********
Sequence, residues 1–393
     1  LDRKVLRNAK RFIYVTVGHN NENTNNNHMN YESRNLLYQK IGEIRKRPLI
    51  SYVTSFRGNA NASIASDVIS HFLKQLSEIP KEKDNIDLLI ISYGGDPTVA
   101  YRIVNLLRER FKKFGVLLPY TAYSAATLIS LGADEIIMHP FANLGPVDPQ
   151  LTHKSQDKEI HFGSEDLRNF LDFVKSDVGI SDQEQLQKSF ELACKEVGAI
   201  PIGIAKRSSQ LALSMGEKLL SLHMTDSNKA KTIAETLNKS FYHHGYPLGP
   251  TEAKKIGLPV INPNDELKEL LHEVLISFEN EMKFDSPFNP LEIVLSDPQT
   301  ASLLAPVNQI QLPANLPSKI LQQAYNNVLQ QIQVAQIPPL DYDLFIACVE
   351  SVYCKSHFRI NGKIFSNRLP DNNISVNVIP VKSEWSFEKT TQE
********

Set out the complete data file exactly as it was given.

Sequence, residues 1–393
     1  LDRKVLRNAK RFIYVTVGHN NENTNNNHMN YESRNLLYQK IGEIRKRPLI
    51  SYVTSFRGNA NASIASDVIS HFLKQLSEIP KEKDNIDLLI ISYGGDPTVA
   101  YRIVNLLRER FKKFGVLLPY TAYSAATLIS LGADEIIMHP FANLGPVDPQ
   151  LTHKSQDKEI HFGSEDLRNF LDFVKSDVGI SDQEQLQKSF ELACKEVGAI
   201  PIGIAKRSSQ LALSMGEKLL SLHMTDSNKA KTIAETLNKS FYHHGYPLGP
   251  TEAKKIGLPV INPNDELKEL LHEVLISFEN EMKFDSPFNP LEIVLSDPQT
   301  ASLLAPVNQI QLPANLPSKI LQQAYNNVLQ QIQVAQIPPL DYDLFIACVE
   351  SVYCKSHFRI NGKIFSNRLP DNNISVNVIP VKSEWSFEKT TQE